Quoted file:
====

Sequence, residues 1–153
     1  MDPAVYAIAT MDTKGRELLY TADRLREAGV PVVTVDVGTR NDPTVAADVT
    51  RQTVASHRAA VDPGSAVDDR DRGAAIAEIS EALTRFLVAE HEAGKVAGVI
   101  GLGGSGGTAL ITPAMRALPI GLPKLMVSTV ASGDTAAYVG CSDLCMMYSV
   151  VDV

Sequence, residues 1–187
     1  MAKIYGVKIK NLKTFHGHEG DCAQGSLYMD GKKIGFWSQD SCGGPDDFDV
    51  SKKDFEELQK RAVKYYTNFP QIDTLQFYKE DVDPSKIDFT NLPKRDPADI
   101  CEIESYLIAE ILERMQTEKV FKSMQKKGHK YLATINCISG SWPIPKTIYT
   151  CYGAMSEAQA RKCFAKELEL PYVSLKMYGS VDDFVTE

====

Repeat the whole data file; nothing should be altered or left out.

Sequence, residues 1–153
     1  MDPAVYAIAT MDTKGRELLY TADRLREAGV PVVTVDVGTR NDPTVAADVT
    51  RQTVASHRAA VDPGSAVDDR DRGAAIAEIS EALTRFLVAE HEAGKVAGVI
   101  GLGGSGGTAL ITPAMRALPI GLPKLMVSTV ASGDTAAYVG CSDLCMMYSV
   151  VDV

Sequence, residues 1–187
     1  MAKIYGVKIK NLKTFHGHEG DCAQGSLYMD GKKIGFWSQD SCGGPDDFDV
    51  SKKDFEELQK RAVKYYTNFP QIDTLQFYKE DVDPSKIDFT NLPKRDPADI
   101  CEIESYLIAE ILERMQTEKV FKSMQKKGHK YLATINCISG SWPIPKTIYT
   151  CYGAMSEAQA RKCFAKELEL PYVSLKMYGS VDDFVTE